Except, you know, the mind-numbing, debilitating cramping. I’m actually starting to wonder if that’s normal. Really. Is it? Do you all get positively debilitating cramps with your cycles? Because mine are so bad I literally almost throw up from the pain. I almost can’t stand up. The pain is so intense I see spots. It’s unbelievable. I just find it hard to believe that this is normal.

Anyway. Aside from the cramping – everything else pretty much went away. So now I don’t think today really was CD1, so I’ve got to count on tomorrow being CD1, or I’ll have to cancel Thursday’s LE. This is all very aggravating.

Today my headache was so bad and I really wanted a Coke – I knew it would taste brilliant and I also knew that little bit of caffeine would take the edge off the Lupron headache. But… I also know that the last two cycles got canceled, in part because of elevated estrogen levels, and my first cycle did not. My first cycle I didn’t have a drop of Coke (not intentionally – I just didn’t happen to have any). I’m certain that one Coke isn’t going to make a difference, but it’s a slippery slope, you know? I even called my friend, M, knower-of-all-things and asked her to talk me off the Coke Ledge. “Seriously? I wouldn’t be able to resist the siren-call of the Coke,” she said. “It’s not going to hurt you.”

“Okay,” I said, “but if I get canceled because of high estrogen levels, I’m blaming you and writing an entire blog post about how it was all your fault.”

But… I couldn’t take the guilt of the possibility that I’d make someone feel bad by doing that… so I didn’t succumb to the siren-call of the nectar of the gods. You owe me one, M. 😉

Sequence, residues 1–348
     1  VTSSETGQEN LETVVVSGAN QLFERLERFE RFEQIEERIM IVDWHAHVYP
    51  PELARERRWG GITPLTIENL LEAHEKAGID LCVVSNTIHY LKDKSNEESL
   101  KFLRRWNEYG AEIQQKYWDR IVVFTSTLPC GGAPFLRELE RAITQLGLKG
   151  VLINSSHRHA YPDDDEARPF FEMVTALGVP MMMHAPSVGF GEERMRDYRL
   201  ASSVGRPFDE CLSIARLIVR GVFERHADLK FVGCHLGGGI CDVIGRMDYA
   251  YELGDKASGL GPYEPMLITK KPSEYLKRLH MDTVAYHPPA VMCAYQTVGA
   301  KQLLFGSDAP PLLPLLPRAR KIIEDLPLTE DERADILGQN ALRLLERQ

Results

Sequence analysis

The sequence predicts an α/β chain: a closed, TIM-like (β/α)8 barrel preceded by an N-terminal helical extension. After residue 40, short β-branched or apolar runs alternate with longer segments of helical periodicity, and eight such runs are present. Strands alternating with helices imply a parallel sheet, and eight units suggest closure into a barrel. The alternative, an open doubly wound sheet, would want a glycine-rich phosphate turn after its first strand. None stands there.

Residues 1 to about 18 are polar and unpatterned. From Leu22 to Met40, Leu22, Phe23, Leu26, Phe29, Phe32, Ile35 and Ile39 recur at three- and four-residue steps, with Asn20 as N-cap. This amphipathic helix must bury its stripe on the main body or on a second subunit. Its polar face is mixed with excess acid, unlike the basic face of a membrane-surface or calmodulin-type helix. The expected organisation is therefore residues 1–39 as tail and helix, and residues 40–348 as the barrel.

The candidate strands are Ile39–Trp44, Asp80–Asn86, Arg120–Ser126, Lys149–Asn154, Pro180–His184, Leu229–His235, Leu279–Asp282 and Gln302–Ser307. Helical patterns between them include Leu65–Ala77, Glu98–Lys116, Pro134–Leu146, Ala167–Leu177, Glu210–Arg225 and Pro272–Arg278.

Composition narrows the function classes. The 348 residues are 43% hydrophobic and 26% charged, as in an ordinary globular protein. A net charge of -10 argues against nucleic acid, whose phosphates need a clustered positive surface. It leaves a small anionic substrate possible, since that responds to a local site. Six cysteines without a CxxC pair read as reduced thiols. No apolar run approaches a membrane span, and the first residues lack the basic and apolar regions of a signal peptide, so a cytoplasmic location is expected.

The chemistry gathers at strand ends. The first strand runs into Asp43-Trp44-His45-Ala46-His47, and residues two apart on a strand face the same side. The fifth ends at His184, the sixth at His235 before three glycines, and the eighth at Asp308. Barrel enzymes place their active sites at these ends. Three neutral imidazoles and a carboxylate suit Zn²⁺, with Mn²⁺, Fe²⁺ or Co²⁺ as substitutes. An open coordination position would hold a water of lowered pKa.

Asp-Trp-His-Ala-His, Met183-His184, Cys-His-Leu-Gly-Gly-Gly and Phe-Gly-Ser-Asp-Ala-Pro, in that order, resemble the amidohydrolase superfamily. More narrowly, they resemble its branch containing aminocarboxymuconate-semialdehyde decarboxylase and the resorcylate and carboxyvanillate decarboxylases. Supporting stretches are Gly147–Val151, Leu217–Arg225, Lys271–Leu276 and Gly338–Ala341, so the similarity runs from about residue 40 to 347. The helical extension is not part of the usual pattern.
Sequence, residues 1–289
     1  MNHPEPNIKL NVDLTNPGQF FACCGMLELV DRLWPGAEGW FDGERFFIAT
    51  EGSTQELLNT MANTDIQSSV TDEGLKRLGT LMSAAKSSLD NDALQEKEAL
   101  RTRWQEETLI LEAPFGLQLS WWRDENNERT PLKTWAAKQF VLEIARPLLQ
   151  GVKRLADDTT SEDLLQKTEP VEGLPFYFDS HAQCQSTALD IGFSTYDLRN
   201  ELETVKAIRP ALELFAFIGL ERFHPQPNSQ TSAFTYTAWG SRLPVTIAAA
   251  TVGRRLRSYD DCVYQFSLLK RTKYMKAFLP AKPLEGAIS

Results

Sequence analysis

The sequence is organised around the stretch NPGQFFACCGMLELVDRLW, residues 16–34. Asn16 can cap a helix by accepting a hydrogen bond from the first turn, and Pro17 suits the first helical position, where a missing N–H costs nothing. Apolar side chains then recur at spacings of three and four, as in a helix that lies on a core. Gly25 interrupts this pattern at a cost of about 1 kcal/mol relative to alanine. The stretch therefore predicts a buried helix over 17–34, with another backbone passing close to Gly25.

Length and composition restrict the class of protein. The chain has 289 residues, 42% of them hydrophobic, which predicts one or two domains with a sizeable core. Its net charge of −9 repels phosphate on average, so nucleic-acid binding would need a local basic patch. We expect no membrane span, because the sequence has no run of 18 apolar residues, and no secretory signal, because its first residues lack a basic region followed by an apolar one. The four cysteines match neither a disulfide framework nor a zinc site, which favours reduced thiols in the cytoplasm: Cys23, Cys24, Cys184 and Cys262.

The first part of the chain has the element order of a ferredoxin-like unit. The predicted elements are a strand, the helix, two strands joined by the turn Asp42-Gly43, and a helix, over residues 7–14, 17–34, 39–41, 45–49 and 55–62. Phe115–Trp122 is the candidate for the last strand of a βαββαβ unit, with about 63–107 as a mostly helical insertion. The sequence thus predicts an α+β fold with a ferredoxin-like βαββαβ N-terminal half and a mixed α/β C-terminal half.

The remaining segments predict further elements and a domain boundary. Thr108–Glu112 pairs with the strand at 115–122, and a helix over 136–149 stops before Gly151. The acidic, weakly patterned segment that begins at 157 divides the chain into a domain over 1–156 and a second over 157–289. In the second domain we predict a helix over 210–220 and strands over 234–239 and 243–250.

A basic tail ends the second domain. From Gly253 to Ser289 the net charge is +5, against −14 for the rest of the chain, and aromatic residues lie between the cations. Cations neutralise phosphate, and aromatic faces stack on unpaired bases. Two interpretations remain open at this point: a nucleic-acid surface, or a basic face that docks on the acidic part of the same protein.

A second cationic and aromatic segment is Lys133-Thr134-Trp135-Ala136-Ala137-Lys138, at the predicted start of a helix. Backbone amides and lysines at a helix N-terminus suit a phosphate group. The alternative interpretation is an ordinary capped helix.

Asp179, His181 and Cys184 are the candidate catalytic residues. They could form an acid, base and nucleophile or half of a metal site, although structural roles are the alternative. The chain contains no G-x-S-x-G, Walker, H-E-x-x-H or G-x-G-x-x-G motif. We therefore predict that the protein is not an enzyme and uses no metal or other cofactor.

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Yee Haw!

It’s 1:59pm.  Do you know what that means?  Yep, that’s right; it means I have a raging headache.    I emailed my nurse last week to let her know that I’d started Lupron again and that I had the headaches to prove it.  “Don’t forget the headaches are not my fault,” she wrote back.  Not to worry, I take the headaches as a good sign.  Maybe this time my estrogen levels are not through the roof.  Maybe?   Hopefully? 


Am I just allowing my hopes to get up too high again?  Will the fall from hope be as devastating as before?


I just did an interview about my experience with infertility and with Ye Olde Fertility Clinic and I was asked about the rollercoaster of emotions that I had to go through to get to success the first time around – that emotional rollercoaster was huge.  Failure after failure after failure then pregnancy, but miscarriage, another failure, and a pregnancy that I couldn’t be happy about for a long time because I just had no reason to believe it wasn’t doomed to failure. 


You’d think that rollercoaster would have prepared me for the ups and downs of this experience the second time around – but…  there’s really no comparison.  I guess the first time around I really had no reason to believe it would work, but this time… I never had reason to think the big guns would fail, but I’ve found three different ways to fail so far.  Will I find a fourth?


I never wanted to be this creative.


But the headaches.  They’re a good sign, right?  And I’ll be using a lot more Follistim this cycle.  You know, if I get that far.  And… it’s different this time.  Right?  Third time’s a charm and all that?